Cardiac Rehabilitation - Physical Therapist
What is a physical therapist?
Physical therapy is the health profession that focuses on the evaluation, management, and prevention of disorders of human motion.
Physical therapists, or PTs, are important members of the rehabilitation team. They evaluate and provide treatment for persons with health problems and disabilities resulting from injury, disease, overuse of muscles or tendons, pain, or loss of a body part.
Physical therapy treatments and services focus on restoring the individual's mobility (movement) and function, and preventing of further disability.
Physical therapists may provide treatment and education regarding any of the following:
- mobility (movement)
- balance and gait retraining
- heat and cold therapy and massage
- activities of daily living (ADLs)
- burn care
- casting and splinting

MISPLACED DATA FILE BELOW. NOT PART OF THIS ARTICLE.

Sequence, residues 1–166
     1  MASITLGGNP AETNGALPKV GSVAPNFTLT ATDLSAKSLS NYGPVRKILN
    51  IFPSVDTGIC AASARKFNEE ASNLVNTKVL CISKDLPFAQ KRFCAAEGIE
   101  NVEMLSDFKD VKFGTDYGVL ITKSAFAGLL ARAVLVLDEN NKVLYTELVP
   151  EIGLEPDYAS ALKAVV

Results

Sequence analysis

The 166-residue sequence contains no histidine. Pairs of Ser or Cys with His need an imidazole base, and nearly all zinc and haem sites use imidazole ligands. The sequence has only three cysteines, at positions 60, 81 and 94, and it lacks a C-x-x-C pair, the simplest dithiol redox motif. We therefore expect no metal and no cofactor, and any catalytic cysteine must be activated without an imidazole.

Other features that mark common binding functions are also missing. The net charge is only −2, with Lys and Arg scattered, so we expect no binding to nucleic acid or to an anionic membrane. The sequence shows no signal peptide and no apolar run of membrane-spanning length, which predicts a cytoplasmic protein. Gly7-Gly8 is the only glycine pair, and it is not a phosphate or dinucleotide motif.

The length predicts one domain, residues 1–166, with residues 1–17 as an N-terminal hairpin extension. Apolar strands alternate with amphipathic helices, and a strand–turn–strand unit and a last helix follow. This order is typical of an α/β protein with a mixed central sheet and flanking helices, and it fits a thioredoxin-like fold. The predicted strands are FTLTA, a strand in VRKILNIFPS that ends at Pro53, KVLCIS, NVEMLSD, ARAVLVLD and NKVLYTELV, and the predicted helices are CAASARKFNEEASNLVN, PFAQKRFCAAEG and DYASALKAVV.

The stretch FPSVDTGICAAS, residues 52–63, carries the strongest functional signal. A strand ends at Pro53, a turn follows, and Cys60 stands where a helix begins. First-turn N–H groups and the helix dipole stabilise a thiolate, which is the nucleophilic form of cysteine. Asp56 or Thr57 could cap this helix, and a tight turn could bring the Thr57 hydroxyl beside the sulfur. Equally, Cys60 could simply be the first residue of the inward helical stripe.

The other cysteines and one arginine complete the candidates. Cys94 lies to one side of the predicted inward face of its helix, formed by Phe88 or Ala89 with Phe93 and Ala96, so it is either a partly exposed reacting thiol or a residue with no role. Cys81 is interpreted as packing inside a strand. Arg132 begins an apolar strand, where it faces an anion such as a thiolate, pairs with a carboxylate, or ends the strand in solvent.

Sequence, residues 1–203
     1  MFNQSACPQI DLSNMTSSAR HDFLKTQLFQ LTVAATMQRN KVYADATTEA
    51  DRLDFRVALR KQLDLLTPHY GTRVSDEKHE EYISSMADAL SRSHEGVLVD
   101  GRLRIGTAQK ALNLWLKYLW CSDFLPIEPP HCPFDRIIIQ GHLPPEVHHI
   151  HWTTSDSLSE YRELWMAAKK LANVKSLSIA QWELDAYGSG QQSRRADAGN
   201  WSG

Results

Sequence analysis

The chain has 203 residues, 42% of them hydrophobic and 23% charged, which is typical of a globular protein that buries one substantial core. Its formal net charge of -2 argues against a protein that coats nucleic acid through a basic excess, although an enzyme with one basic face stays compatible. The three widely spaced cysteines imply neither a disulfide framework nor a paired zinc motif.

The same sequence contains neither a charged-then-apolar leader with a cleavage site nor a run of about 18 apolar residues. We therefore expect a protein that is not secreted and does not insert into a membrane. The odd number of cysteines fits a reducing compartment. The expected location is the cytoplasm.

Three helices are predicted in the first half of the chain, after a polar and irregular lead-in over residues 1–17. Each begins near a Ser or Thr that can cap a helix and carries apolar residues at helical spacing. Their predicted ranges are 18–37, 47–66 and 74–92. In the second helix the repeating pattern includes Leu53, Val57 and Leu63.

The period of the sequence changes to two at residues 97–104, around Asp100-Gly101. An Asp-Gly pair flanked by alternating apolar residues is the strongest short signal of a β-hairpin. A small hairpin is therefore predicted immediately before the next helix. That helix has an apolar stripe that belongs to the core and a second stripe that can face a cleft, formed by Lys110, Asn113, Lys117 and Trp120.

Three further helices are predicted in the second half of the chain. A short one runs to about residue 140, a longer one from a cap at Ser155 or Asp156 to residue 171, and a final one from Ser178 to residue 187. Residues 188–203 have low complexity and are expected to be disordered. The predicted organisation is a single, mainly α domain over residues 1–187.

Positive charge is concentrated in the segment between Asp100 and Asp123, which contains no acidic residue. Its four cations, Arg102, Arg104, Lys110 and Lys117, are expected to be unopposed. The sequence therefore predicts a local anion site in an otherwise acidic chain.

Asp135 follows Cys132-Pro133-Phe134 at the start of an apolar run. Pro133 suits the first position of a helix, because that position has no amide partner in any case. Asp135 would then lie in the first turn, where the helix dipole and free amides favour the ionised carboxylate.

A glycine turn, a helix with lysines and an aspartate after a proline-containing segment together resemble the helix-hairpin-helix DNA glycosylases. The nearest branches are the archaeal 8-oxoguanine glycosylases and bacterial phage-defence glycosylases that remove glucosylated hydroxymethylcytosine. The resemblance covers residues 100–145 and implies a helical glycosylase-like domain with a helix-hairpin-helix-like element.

- wheelchair, walkers, canes, and crutches
- muscle retraining
- pain management
- cardiovascular strengthening
- use of orthotics (braces, splints) and prosthetics (artificial limbs)
- exercise programs
Physical therapists may practice in a variety of settings, including the following:
- nursing homes
- inpatient rehabilitation centers
- outpatient rehabilitation centers
- community and home health settings
- industrial health centers
- sports facilities
- private practice
Physical therapists have an undergraduate degree in physical therapy, and many have a Master's degree. In order to practice, all graduates must be licensed by their state by passing a national certification examination. They are accredited by the American Physical Therapy Association.
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Disclaimer - This content is reviewed periodically and is subject to change as new health information becomes available. The information provided is intended to be informative and educational and is not a replacement for professional evaluation, advice, diagnosis or treatment by a healthcare professional. © 2009 Staywell Custom Communications.